Does child support have to go through the attorney general?

A lot of clients and potential clients do not want to send child support through the attorney general’s office. The reasons vary from personal preference, wariness of government oversight, and a desire to maintain control over child support payments going to the other parent.

In Texas, child support must be paid through the Attorney General’s State Disbursement Unit. See Texas Family Code 154.003. A Judge must require the child support to be paid in this manner. Withholding orders taking the funds directly from a paycheck is also required. Depending on the Judge in your case, they may allow parties to agree to no formal “child support” but instead for the parties to share specific child related costs, i.e., daycare, after school care, or extracurricular activities. Some Judges have a distrust of such arrangements. Oversight is less stringent and proof of payment, or lack of payment, is much harder. This is especially true if the parent who would be paying child support is a high earner and the one receiving is a low earner. Such requests make the Judge suspect one side is just trying to get out of paying child support and taking advantage of the lower earning spouse.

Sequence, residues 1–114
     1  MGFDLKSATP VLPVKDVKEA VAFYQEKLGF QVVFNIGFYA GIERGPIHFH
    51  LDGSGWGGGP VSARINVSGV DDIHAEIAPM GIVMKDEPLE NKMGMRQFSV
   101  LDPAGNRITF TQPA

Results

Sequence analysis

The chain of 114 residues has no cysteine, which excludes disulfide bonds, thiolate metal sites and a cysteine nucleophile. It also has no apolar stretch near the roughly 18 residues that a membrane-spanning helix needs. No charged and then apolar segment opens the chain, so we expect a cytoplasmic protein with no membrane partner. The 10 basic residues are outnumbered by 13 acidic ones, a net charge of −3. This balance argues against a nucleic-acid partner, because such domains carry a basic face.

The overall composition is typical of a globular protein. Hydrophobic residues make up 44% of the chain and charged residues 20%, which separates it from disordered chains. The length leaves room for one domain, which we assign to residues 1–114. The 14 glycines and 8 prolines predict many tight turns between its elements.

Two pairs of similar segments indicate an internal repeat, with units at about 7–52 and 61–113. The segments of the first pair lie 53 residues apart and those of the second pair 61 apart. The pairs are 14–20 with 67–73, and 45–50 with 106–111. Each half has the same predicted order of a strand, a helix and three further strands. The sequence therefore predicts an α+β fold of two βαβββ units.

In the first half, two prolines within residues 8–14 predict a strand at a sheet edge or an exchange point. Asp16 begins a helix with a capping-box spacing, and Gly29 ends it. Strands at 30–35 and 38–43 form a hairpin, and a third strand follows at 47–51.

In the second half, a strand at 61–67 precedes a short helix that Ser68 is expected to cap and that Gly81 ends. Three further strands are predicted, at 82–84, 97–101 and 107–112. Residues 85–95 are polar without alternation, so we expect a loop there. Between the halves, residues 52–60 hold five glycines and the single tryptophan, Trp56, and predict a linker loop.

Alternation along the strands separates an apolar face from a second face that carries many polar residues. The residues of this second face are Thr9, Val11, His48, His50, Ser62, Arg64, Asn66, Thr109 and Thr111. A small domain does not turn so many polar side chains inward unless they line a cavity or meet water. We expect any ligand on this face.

Paying child support through the attorney general allows them to track the payments coming in, calculate past-due amounts, and track interest on the past-due amounts. It makes enforcements much easier to have a quick reference for how much is actually owed or not owed. Having formal child support also allows the funds to be automatically withheld from a paycheck through a withholding order, which solves a lot of non-payment problems.

In short, guideline child support is required to be cycled through the Attorney General’s child support office. There are ways around it, but Judges are wary of such games for fear that the custodial parent might be being taken advantage of by the more dominant parent.